My Filling Fell Out But It Doesn’t Hurt – What Should I Do?

A fallen-out filling is a very common dental problem, but there’s no reason to panic if it doesn’t hurt. However, just because you don’t feel any pain, you must not ignore the problem.

You should see your dentist as soon as possible to get the issue fixed because while not a dental emergency, it can cause a whole host of problems. So, read on to know what to do if your filling has fallen out.


Reasons Why Your Dental Filling May Have Fallen Out?


Typically, a filling is used by the dentist to fill the hole made when repairing a broken tooth or removing decay. Sometimes you may notice that your tooth filling has fallen out because of the space in your tooth, while at other times, you may not even notice it. Here are a few reasons why your tooth filling may have fallen out:

  • Because of very vigorous and hard brushing or flossing
  • The build-up of plaque around the margins of the tooth filling can cause it to become loose
  • Wear and tear of the tooth because of eating, chewing and grinding
  • Biting down or chewing very hard, causing the bond of the filling to break
  • Bruxism (grinding your teeth)
  • Trauma to the tooth or the root


Is a Fallen Out Filling Harmful?


A fallen-out filling may not constitute a medical emergency; however, it is a serious dental problem and must be dealt with as soon as possible. When the dental filling falls out, it leaves the area under the tooth exposed, which can cause additional decay.

If the filling is not replaced quickly, it can cause harm to the unprotected tooth. Food particles and bacteria can get into the hole left by the fallen-out filling and cause tooth decay. The fallen-out filling can also cause the dentin (the soft layer under the enamel) to be exposed, which is very sensitive and more prone to decay.

If left unfilled, the decay can worsen and reach the root, causing the tooth to crack, which may require a root canal procedure and maybe even tooth extraction. So, it is advisable to get the filling that has fallen out replaced at the earliest.


What to Do If Your Filling Falls Out?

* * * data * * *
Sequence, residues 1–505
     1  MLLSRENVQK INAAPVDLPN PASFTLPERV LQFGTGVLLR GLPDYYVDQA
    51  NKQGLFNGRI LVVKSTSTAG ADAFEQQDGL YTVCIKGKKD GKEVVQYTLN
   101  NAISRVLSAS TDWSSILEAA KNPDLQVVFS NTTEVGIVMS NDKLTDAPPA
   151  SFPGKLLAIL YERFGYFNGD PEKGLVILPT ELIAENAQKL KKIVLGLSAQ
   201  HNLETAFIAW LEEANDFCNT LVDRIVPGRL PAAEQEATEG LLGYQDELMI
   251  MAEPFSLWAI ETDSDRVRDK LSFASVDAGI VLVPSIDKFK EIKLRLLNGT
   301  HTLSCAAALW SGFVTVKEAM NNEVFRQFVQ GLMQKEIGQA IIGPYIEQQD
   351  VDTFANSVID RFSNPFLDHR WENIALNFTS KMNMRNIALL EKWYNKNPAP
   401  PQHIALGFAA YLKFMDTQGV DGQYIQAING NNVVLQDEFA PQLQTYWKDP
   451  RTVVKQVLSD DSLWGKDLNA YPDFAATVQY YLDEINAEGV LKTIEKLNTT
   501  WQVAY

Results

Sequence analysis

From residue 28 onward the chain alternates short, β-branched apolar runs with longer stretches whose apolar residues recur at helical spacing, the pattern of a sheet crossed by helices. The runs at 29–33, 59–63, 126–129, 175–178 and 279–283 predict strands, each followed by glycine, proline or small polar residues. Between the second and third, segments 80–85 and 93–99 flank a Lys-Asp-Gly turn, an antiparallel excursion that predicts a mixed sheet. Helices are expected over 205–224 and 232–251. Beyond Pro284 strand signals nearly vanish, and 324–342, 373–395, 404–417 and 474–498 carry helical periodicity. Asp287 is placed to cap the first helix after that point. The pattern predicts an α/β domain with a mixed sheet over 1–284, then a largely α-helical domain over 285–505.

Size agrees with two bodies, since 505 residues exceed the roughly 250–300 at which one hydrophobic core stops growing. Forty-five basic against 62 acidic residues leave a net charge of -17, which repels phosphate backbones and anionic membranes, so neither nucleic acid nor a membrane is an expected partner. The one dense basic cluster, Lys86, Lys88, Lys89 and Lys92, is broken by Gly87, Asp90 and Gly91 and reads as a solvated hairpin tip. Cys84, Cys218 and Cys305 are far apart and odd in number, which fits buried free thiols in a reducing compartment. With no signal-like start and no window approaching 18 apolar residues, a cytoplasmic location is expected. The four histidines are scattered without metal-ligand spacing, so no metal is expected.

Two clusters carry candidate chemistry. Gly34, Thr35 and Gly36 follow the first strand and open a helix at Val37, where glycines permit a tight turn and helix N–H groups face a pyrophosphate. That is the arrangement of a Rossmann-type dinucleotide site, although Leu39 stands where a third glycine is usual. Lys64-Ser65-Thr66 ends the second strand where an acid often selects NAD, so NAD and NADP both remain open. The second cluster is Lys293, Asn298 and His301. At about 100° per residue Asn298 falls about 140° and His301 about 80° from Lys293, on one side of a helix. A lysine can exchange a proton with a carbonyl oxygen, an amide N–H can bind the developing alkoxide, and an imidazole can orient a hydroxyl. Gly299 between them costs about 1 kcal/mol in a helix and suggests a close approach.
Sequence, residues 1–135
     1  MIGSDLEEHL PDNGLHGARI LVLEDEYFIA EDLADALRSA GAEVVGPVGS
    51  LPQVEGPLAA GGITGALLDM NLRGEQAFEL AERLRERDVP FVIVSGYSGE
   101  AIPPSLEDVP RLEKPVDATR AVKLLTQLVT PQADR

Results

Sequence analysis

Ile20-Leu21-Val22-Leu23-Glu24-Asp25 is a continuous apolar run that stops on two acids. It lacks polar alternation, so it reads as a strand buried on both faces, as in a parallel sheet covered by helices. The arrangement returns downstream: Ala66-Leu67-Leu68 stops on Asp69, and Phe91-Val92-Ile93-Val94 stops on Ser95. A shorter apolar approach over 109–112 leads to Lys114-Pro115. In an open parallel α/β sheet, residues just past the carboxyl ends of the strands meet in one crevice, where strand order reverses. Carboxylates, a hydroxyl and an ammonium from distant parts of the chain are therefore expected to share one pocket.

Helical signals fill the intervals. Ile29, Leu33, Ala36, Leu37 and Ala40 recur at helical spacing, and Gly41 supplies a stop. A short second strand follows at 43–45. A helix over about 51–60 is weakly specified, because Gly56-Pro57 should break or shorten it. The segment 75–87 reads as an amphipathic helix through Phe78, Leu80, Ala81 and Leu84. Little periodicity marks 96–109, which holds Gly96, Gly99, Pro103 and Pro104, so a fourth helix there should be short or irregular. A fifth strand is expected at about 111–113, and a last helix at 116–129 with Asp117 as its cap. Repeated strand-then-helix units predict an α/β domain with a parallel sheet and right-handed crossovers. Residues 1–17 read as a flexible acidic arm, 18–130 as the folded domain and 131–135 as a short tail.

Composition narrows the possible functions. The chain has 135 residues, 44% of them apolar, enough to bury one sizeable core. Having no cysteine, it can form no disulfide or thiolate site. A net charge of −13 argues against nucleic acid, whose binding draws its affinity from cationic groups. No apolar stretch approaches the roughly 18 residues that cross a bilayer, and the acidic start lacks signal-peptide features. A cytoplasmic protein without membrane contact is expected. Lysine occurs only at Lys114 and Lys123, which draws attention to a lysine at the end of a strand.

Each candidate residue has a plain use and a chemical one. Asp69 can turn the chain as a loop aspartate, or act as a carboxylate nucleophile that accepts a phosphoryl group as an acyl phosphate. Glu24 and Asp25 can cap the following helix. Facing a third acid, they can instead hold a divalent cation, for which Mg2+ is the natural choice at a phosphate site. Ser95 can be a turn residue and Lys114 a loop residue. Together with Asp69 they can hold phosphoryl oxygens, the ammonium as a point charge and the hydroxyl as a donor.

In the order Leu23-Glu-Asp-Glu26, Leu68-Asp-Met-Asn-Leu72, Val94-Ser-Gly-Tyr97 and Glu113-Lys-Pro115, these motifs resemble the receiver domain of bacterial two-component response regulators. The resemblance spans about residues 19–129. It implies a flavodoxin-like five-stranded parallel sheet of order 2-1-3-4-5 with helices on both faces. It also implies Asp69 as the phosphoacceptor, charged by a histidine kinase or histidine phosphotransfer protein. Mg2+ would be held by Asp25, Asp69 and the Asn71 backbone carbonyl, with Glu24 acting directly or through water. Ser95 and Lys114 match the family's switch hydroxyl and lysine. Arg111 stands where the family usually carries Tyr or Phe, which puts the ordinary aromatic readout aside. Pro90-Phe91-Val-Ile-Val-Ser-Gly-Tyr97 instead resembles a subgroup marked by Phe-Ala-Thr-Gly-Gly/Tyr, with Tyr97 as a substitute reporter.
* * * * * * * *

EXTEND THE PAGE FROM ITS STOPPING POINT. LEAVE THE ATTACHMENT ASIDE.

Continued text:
If your filling falls out, then you must contact your dentist and get it replaced as soon as possible. However meanwhile, you can take the following steps:

  • Keep the filling if you have it so that the dentist can decide whether they can reuse it or not.
  • Rinse your mouth with salt water to remove any food particles from your tooth and keep it clean. To do this, mix half a teaspoon of salt in warm water and gargle. This will kill the harmful bacteria that can cause damage to your exposed tooth.
  • Brush your teeth gently and keep your mouth clean.
  • If the hole in your tooth is bothering you, you can use some dental wax or any other temporary filling material to fill the gap until your dentist repairs the filling.
  • Keep food away from the exposed tooth, and try not to chew on the affected tooth.
  • If you’re having any discomfort or pain, you could take some OTC pain medication such as ibuprofen or Tylenol to relieve the pain.


How to Prevent the Filling from Becoming Loose?


The important thing to prevent your tooth filling from getting loose and falling out is to have regular dental check-ups and practise good hygiene.

  • Brush your teeth twice a day and floss your teeth every day.
  • Use fluoride toothpaste for brushing.
  • Brush your tongue to eliminate any bacteria.
  • Make sure to replace your toothbrush every 3-4 months.
  • Go for regular dental check-ups and teeth cleanings.


Regular dental check-ups every six months can help to prevent any problems of your dental fillings coming loose and falling out. In addition, your dentist can determine if the filling is worn out and requires to be replaced.

Some of the preventive measures that can help to prevent your filling from falling out include:

  • Avoid grinding your teeth by wearing a splint or mouth guard while sleeping.
  • Avoiding biting or chewing hard foods such as ice, hard candy, nutshells, etc.
  • Not eating sticky and sugary foods, which can stick to your teeth, loosen your fillings, and increase cavities and tooth decay.
  • Avoid clenching your teeth.
  • If the tooth where you have a filling begins to become sensitive or starts hurting, see a dentist immediately.


Wrapping Up


Dental fillings remain intact for a long time when you follow good oral hygiene; however, they don’t last forever. So if your filling falls out, even if it doesn’t hurt, don’t wait for too long and see your dentist immediately to get the filling replaced.

Waiting for a long time before getting the filling replaced can cause many issues like tooth decay and other issues. However, if your tooth filling does fall out and you’re unable to see your dentist immediately to get a replacement, make sure to keep the affected tooth clean and avoid chewing on the area to keep it protected until the problem is resolved.